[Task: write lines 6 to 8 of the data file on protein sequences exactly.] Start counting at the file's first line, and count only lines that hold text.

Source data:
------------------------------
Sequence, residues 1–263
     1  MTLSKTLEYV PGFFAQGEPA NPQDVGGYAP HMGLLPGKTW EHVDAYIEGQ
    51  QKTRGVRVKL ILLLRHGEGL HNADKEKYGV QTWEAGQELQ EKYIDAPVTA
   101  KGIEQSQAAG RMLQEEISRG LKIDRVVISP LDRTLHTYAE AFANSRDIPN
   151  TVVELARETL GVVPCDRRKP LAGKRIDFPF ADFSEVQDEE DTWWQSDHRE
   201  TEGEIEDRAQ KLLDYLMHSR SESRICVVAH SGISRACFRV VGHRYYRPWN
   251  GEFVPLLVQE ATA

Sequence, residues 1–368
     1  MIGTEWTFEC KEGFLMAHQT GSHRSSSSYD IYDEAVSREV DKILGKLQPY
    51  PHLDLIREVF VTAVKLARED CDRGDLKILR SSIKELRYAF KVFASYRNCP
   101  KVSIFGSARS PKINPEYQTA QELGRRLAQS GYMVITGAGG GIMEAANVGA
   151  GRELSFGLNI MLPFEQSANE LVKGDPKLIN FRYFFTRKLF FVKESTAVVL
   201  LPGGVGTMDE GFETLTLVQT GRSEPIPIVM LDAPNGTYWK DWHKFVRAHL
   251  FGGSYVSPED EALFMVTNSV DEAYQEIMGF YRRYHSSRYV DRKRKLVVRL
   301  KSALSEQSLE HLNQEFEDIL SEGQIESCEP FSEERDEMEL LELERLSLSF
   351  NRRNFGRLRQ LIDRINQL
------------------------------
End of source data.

   201  TEGEIEDRAQ KLLDYLMHSR SESRICVVAH SGISRACFRV VGHRYYRPWN
   251  GEFVPLLVQE ATA

Sequence, residues 1–368